Update: Refermenting Hot Sauce (WIth Air Locks).. 3 Months and Counting

In September we were fermenting like wild – especially hot peppers and hot sauces.  In late September we shared that we were taking a few of our hot pepper concoctions, tossing an airlock on the top and letting them continuing to ferment.  Two of the three jars were left as-is and we added whole garlic cloves to another (effectively making a pickle within a pickle).

Update: Refermenting Hot Sauce (WIth Air Locks).. 3 Months and Counting Pepper (Hot) Hot Pepper December

It’s been a full three months since we started our experiment and I’m pleased to share that all 3 have remained shelf stable and continued to develop their flavor.  I’ve tasted all three an am pleased to share that they are:

  • fantastic
  • getting better
  • appear completely stable

The ‘refermenting’ with the airlock is significant because it allows a more complex flavor, offers the ability to store them on the shelf (as opposed to in the fridge) and the airlocks have prevented mold that can appear if food ferments too long.

The flavor has developed further.  If you’re a fan of fermented food, you know that it has a unique taste; hot peppers become a w unique combination of savory, sour, salty and rich.  I was afraid that the extra fermenting would be overwhelming.  The airlock slows fermenting and the result isn’t outlandish at all.  The most interesting result has been the peppers that had the garlic added to them; the time has brought the flavours together and rather than tasting like hot sauce with pickled garlic, it tastes like hot-pepper-and-garlic sauce.

Update: Refermenting Hot Sauce (WIth Air Locks).. 3 Months and Counting Pepper (Hot) Hot Pepper December

The process has been simple – I have learned to check the water level in the airlocks.  I’ve had to top them up two or three times because of evaporation.  If you let them evaporate completely, oxygen will enter the jars and you are prone to develop mold.  If that happens (it did happen to me once in one of the jars), skim the mold off and continue (this is common in ‘regular’ fermenting).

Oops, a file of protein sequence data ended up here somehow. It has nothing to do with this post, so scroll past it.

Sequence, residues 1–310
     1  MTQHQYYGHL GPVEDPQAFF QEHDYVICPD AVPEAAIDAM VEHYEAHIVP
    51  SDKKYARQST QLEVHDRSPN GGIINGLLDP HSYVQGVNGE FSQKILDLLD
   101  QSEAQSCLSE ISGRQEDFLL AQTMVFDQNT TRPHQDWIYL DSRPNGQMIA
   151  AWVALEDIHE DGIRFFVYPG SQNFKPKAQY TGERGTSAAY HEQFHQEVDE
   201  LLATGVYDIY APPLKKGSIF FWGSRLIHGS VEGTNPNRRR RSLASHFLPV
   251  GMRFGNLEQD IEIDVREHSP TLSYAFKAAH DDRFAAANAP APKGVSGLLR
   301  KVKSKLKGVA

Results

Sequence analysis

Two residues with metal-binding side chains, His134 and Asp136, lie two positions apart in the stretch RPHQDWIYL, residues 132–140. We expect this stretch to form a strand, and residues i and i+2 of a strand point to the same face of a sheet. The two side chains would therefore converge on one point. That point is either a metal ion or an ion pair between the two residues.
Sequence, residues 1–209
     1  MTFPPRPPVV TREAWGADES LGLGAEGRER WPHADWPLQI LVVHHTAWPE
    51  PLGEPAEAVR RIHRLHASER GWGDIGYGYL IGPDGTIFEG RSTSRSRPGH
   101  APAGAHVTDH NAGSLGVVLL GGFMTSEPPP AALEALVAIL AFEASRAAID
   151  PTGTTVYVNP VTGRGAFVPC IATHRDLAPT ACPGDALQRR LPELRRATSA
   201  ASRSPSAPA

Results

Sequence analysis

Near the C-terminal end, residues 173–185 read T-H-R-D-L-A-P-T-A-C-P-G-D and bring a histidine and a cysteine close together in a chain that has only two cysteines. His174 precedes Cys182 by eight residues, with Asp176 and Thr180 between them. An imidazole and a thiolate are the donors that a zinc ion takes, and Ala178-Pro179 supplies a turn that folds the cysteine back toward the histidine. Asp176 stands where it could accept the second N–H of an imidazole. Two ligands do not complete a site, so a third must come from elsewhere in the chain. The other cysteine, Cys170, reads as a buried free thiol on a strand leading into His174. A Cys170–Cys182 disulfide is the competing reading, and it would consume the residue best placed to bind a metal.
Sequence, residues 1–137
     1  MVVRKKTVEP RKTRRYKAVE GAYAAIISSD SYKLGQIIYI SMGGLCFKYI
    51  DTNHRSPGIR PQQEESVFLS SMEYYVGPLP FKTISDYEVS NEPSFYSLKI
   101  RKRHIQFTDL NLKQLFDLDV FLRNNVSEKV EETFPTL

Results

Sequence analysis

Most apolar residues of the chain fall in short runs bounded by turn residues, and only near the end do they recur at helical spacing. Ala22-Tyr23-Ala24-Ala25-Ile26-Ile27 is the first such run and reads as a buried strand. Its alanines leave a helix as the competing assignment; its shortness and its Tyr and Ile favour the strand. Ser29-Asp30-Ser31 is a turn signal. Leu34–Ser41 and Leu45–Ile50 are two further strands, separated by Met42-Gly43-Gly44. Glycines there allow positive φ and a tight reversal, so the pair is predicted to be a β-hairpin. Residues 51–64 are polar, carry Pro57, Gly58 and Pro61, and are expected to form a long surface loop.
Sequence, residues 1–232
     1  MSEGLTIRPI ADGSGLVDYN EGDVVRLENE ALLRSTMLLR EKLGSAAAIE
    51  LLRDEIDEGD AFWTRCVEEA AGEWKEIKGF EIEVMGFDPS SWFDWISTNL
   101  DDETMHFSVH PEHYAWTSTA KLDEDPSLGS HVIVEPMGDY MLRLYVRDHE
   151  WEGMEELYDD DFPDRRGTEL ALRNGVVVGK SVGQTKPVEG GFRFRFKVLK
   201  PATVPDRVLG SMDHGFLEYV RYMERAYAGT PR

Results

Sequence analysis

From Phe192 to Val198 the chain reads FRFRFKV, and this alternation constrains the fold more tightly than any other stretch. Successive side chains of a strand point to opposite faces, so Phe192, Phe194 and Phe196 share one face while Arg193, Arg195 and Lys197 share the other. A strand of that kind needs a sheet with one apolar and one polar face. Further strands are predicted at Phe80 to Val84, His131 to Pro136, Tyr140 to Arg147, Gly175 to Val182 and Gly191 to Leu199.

I’m really happy with the results so far and I plan to continue the experiment to see what will happen.  I’m also tempted to add some further flavor to layer in other tastes (but so far, I’m resisting).

Have you ever fermented anything for a long time (with or without an airlock)?  Would love to hear about your experiences if you have!


  1. Hi Joel. Recently found your blog and am loving it. Just a question for you about this refermenting…. I assume you did not add vinegar before you refermented? Once you decide that your refermenting is over, how then will you use the sauces? Will you add vinegar and/or reserved brine to them before use?


    • Hi Alicia!

      Thanks for your kind words.

      Your answers are all correct! Although the fermentation is moving very, very slowly right now (it is stablilized with the airlock), there is still some fermenting going on. Placing it in the fridge will pretty much stop the fermting altogether (and also stop the mold that would form if you kept opening and closing it and left it on the counter).

      So we’ll be left with some wonderful hot pepper essence. From there we can play, as long as we store it in the fridge. It’s not being waterbathed so I don’t have to worry about acidity. Fermenting offers wonderful latitudes like this.

      most friends and family who eat the sauce, love it as is. sometimes a strain a bit or put some in a small jar with vinegar and/ or brine (about 50-50 is great) and sometimes I just mix brine with vinegar. The biggest downside is that our small fridge contains a lot of jars. :)


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